Impact of arterial hypertension and its management strategies on cognitive function and dementia: a comprehensive umbrella review

Barbara Antonazzo, Giuseppe Marano, Enrico Romagnoli, Stefano Ronzoni, Giacomo Frati, Gabriele Sani, Luigi Janiri, Marianna Mazza

Research output: Contribution to journalArticlepeer-review


INTRODUCTION: Cognitive decline and dementia recognize multiple risk factors and pathophysiological mechanisms, often involved simultaneously with complex interactions. Several studies have shown that both arterial hypertension and hypotension are associated with a greater risk of cognitive decline and dementia, but clinical evidence on this point is conflicting. Our aim was to conduct an umbrella review on cognitive function, dementia, and blood pressure, with particular attention to epidemiological, prognostic and therapeutic aspects.

EVIDENCE ACQUISITION: We conducted a dedicated literature search on PubMed for systematic reviews and meta-analyses that focused on arterial pressure, hypertension, hypotension and similar conditions, and cognitive function, cognitive decline and dementia. The internal validity of systematic reviews and meta-analyses was formally analysed using the OQAQ tool. The umbrella review was planned in accordance with current international recommendations and was described as specified by the PRISMA guidelines.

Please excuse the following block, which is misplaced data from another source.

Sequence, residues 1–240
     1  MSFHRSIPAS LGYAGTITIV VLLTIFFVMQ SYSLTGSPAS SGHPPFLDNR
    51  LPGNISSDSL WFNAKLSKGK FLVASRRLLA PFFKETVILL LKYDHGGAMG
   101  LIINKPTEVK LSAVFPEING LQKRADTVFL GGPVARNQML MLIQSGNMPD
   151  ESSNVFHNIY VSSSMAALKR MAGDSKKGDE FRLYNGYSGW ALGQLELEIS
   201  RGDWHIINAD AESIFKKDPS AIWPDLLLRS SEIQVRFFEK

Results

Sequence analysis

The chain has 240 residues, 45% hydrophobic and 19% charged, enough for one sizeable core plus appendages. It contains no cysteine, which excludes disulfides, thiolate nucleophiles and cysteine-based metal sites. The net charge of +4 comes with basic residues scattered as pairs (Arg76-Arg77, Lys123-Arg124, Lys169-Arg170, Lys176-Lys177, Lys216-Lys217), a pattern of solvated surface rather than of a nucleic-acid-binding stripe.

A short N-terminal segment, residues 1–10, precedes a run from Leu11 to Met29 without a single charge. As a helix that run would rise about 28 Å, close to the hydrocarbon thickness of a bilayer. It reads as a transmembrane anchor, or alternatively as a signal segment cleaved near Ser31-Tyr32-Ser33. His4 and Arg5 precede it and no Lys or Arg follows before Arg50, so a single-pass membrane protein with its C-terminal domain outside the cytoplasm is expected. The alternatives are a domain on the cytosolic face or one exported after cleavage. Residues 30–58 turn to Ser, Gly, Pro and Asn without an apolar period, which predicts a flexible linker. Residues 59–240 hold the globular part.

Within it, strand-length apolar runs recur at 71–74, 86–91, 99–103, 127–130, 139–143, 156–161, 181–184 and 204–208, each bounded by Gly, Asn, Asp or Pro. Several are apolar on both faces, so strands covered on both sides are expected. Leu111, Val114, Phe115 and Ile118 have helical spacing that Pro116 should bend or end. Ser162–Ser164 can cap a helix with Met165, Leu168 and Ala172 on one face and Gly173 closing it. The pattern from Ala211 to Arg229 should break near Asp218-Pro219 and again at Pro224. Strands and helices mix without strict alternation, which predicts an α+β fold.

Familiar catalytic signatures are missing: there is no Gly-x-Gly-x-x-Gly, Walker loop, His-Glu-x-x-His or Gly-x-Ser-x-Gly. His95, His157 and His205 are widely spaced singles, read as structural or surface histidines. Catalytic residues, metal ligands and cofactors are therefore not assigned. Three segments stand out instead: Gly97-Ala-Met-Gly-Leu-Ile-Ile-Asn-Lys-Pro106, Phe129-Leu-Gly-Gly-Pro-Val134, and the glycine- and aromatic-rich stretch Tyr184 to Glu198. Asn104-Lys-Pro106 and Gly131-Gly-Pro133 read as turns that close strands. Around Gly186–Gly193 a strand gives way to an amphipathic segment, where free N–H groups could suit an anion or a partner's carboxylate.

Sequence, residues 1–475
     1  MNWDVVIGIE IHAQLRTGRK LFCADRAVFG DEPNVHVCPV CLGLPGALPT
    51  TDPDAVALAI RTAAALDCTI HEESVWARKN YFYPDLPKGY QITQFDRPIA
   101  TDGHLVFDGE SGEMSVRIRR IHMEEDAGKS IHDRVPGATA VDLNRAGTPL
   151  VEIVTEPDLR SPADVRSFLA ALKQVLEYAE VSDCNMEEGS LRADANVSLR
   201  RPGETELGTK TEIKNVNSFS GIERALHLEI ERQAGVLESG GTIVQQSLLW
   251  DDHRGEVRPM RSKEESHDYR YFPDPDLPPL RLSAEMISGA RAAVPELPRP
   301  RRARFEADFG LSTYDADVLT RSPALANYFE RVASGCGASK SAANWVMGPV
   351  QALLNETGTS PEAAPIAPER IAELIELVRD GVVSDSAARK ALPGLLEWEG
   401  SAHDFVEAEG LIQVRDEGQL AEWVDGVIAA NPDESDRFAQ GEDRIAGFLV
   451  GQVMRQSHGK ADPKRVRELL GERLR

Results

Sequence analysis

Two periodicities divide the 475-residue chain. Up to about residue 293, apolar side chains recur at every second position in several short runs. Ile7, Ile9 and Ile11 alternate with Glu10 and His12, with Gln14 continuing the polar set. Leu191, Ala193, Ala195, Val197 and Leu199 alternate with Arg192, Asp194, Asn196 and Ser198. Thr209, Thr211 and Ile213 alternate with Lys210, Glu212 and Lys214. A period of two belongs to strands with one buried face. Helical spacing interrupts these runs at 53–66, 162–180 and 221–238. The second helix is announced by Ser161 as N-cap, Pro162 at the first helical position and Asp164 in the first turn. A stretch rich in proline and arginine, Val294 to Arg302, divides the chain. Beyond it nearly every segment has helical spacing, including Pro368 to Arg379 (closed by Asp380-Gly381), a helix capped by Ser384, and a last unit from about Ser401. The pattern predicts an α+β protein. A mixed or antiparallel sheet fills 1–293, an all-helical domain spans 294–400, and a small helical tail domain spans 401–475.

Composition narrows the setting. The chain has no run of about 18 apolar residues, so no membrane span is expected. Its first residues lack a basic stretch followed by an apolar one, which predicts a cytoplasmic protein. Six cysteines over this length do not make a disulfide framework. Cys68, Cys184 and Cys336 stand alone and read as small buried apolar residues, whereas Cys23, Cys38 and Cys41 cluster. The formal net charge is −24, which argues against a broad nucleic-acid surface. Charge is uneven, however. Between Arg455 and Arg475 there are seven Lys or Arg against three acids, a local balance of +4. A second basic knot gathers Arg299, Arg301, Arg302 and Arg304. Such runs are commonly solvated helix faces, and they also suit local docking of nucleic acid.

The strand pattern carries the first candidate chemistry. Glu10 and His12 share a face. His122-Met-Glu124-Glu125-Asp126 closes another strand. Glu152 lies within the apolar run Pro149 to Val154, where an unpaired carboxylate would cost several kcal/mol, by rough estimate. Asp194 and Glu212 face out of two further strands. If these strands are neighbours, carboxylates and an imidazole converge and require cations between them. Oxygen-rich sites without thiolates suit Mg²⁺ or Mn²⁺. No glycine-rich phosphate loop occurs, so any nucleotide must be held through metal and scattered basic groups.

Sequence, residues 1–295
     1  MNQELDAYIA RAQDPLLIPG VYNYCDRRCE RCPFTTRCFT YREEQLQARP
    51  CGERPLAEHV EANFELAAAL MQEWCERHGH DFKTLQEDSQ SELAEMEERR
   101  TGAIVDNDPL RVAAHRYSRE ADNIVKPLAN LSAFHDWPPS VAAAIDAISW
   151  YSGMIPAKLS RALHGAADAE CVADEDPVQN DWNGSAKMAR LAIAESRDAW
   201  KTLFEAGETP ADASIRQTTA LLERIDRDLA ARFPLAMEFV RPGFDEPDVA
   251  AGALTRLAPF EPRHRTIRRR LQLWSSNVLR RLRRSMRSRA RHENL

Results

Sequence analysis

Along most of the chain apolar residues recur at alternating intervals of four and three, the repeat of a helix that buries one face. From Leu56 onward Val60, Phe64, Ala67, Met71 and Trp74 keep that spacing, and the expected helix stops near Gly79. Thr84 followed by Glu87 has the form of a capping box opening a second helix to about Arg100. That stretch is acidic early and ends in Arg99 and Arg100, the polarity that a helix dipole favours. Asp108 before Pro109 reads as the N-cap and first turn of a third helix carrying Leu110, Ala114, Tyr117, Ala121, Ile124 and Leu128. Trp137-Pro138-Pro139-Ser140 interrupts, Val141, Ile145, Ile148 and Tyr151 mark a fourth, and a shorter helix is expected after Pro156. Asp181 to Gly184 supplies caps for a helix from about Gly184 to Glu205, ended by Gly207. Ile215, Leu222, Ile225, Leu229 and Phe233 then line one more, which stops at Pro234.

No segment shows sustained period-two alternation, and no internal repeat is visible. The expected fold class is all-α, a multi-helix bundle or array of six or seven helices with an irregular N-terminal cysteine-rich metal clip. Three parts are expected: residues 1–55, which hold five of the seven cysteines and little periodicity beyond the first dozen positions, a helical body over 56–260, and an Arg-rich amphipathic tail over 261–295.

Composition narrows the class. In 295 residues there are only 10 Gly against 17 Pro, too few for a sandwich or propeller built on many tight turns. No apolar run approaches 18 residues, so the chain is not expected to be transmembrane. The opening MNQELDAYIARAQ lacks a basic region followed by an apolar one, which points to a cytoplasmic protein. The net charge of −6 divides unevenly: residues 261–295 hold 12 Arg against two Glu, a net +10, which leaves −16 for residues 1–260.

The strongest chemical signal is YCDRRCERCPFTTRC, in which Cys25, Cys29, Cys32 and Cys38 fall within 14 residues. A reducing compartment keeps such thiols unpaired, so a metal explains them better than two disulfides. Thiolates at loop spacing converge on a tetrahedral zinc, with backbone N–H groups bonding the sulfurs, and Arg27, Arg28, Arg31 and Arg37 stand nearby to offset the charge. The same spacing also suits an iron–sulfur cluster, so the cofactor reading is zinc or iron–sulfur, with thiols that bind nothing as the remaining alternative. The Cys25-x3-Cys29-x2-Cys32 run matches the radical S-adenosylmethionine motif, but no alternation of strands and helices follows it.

EVIDENCE SYNTHESIS: 17 systematic reviews (including 13 meta-analyses) were included, for a total of 675 clinical studies and over 1 million patients. Hypertension results to be associated with a lower risk of Alzheimer's dementia, greater risk of vascular dementia and greater risk of cognitive decline. Orthostatic hypotension seems to be associated with greater risk of Alzheimer's dementia, vascular dementia and dementia of Parkinson's disease. Therapy with acetylcholinesterase inhibitors produces lower risk of cardiovascular events, greater risk of hypertension and greater risk of bradycardia, while the anti-hypertensive therapy leads to a lower risk of dementia of all types and lower risk of cognitive decline.

CONCLUSIONS: To date, the evidence on the relationship between blood pressure, cognitive decline and dementia provides somewhat heterogeneous data. Further studies are clearly needed, with explicit inclusion criteria as objective as possible, adequate follow-up and precise characterization of implemented cardiovascular and cognitive treatments.

Original languageEnglish
JournalMinerva Cardioangiologica
Publication statusE-pub ahead of print - Dec 1 2020

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